An example of the interweaving of cultures in Venice and elsewhere is pastizzo di polenta with raisins and pine nuts. Another is the boricche—little pies halfway between Portuguese empanadas and Turkish boreks, but with fillings unique to Italy, such as fish with hard boiled egg, anchovies and capers, fried aubergines and tomatoes, or with pumpkin, crushed amaretti and chopped crystallized citrus peel.
Continuous persecutions in Germany and the Rhinelands had sent waves of refugees from as early as the thirteenth century across the Alps, spreading throughout Lombardy and the Veneto. They represent the origin of the majority of communities of northern Italy. The cooking of those of Trentino and Alto Adige was very German with stuffed goose, potato cakes, cabbage, dumplings and apple fritters.
In Piedmont, a large part of the communities were made up of an influx of Jews expelled from Provence, and the cooking had a strong French accent. Take polpetone, a galantine of turkey or chicken with minced veal and pistachios. Other Provençal dishes that have come into the Jewish tradition are patate e pomodori of Ferrara, which is like a tian with baked layers of potatoes and tomatoes, and the curious Tuscan sweet spinach tart, torta di mandorle e spinaci, which is a speciality of Nice.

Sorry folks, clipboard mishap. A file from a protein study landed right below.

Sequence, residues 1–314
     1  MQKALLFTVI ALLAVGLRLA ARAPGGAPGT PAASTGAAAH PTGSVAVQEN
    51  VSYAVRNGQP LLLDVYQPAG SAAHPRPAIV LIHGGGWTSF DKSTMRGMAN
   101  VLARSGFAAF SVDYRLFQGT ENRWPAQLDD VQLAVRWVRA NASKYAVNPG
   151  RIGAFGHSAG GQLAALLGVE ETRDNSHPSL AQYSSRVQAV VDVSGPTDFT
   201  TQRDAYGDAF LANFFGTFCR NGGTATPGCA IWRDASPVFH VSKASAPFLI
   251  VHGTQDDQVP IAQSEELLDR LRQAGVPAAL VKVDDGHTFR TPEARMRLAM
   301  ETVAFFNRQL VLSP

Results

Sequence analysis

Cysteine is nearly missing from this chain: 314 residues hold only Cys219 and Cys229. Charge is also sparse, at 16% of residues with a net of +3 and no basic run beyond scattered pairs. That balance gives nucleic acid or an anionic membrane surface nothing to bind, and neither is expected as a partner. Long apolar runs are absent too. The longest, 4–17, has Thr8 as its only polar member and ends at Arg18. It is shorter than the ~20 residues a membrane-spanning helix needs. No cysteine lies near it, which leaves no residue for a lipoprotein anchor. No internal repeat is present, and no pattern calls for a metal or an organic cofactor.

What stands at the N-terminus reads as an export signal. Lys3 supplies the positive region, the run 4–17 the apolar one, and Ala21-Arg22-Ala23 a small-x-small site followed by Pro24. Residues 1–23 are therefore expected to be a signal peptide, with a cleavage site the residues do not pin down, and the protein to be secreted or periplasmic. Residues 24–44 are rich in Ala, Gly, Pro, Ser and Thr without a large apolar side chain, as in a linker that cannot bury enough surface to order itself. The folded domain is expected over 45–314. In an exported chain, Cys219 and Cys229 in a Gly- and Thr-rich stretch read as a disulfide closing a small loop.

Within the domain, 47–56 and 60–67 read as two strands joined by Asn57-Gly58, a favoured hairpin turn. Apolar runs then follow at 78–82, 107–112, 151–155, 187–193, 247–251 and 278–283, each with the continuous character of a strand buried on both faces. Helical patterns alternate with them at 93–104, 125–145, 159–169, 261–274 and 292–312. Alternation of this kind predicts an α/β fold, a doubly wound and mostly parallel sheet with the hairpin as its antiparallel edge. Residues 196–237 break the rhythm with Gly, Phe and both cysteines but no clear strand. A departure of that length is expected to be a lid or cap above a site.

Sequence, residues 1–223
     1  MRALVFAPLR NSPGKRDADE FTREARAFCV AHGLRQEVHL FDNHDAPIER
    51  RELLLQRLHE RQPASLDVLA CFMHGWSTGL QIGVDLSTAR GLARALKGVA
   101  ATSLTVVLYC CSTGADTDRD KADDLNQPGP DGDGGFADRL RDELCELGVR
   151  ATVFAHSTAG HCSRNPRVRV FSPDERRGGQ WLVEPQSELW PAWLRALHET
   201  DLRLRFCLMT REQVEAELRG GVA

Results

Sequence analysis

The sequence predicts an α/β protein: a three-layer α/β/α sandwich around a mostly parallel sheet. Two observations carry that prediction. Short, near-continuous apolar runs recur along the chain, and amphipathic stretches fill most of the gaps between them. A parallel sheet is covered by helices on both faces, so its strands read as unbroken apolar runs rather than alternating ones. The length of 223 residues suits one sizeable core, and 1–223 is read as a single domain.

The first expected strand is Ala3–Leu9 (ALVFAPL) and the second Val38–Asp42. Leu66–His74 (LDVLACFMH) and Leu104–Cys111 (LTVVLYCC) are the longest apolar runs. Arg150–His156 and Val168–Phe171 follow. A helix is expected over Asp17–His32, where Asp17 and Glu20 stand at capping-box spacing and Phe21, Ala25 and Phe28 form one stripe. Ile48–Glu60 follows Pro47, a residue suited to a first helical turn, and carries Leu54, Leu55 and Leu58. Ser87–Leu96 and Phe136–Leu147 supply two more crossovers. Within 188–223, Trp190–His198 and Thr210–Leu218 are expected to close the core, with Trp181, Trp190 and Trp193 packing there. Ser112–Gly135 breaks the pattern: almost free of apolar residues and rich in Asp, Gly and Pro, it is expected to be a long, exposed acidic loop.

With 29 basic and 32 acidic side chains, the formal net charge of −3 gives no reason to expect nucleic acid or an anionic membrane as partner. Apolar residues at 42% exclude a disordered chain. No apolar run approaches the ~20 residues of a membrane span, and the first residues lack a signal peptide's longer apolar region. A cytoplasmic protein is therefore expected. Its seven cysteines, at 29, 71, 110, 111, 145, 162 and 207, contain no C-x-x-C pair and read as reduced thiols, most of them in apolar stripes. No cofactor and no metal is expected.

In Trieste, the varied mix of dishes like gulyas (goulash) and paracinche (stuffed pancakes) of Hungarian origin, the yeast cake potizza of Austrian descent and the Yugoslav bean soup called jota are reminders that Austria annexed the city when it was part of the Habsburg empire, and many flooded into the city from all over the empire.
Moneylending, forbidden by the church, was a Jewish profession because Christian guilds pushed them out of other spheres. Jews were invited into many cities where they financed economic expansion, and the local nobility often became their protectors. Thousands settled in cities such as Ferrara and Modena, Verona, Padua and Mantua, Florence, Pisa, Luca and Sienna. Many sophisticated old Jewish recipes like buricche ferraresi (little pies filled with chicken), arancini canditi padovani (balls of orange paste) and tortelli di zucca mantovani (pumpkin tortelli) are linked to these cities where Jewish life flourished and where cooking reached a high level of sophistication.